"Instead of giving them signals, you're learning to look for their signals," she said. "For example, if their ears go up when there's a knock on the door, you learn to look for that."
Just as service animals differ in skills, they also differ from emotional support animals, which are not covered by the Americans with Disabilities Act.
It's the training for a specific task that separates comfort animals from service animals — although animals trained to sense and assist with an anxiety attack qualify as psychiatric service animals under the ADA. Holtzclaw said she gets a lot of calls about emotional support animals from people wondering if they must be accommodated by law.
"A lot of that is being abused, and that makes it harder for those of us who need our service animals," she said. "People buy cheap fake vests and pass off their pets, that woman on the plane with an 'emotional support squirrel' ... With things like that happening, they had to tighten up their laws."
Tonia Clayton said she needed to produce a health certificate for her service dog, Jamie, when they flew to Washington, D.C., last week but encountered no problems on the trip. Jamie is the second guide dog for Clayton, who is blind, and she never wants to be without one again.
"Before I got one, I was reluctant to walk around with my white cane. ... When I did, I was free in the world. I was independent. I'm not going to be running into people and saying 'excuse me, excuse me' all the time," she said with a smile.
A clear surveillance video of the crime and help from a regional fugitive task force culminated in a man pleading guilty to shooting another man in East Rome in 2017.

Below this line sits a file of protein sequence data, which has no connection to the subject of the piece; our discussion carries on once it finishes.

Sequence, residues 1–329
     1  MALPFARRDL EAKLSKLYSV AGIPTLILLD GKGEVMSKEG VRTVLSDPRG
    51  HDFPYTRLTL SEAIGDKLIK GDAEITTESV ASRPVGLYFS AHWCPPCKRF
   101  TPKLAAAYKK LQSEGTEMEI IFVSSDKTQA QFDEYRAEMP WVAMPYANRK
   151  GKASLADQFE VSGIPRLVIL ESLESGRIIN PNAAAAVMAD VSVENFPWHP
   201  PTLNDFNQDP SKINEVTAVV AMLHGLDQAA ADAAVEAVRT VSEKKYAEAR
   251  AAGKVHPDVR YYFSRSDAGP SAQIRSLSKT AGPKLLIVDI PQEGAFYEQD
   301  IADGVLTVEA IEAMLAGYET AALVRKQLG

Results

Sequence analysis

According Floyd County Assistant District Attorney Leah Mayo and Floyd County Jail records:
Christopher Kenyun Atwater, 34, shot another man in the leg with a 9mm pistol at the Big H on East 12th Street on April 27, 2017.
The victim in the case pulled up to the Big H that evening with his two children. The kids went into the store and he then exchanged words with Atwater and Monyea Mico Smith. Atwater shot him and left the area and the victim's two children found him laying on the ground.
Smith turned himself in at the jail a few days after the incident and police arrested Atwater in July 2017. When Atwater didn't show up for court in April 2018 they requested the U.S. Marshals Southeastern Regional Task force to find him. A little while later the task force found him working in a hotel in Atlanta.
The district attorney's office offered Atwater a plea deal of 20 years, to serve 15 in prison, but he declined that offer. They selected a jury in preparation for trial and went to test the video system in the courtroom, Mayo said.
They briefly reviewed the security footage of the crime and went back to trial preparations. In many cases the surveillance video is grainy or low resolution, but she said in this case the footage was very clear from the Big H security system.
At that point Atwater, who could see the footage being played, indicated he'd like to take the plea deal. He pleaded guilty to aggravated assault as well as possession of a firearm by a convicted felon and was sentenced.
Smith, who was with Atwater at the time of the shooting, earlier pleaded guilty to his part in the crime, District Attorney Leigh Patterson said.
The Cherokee County, Alabama, District Attorney's office assisted in making sure the victim of the shooting appeared as a witness in the case as well, Patterson said.
Today's artwork is by Omar Vazquez, second-grader at Alto Park Elementary School.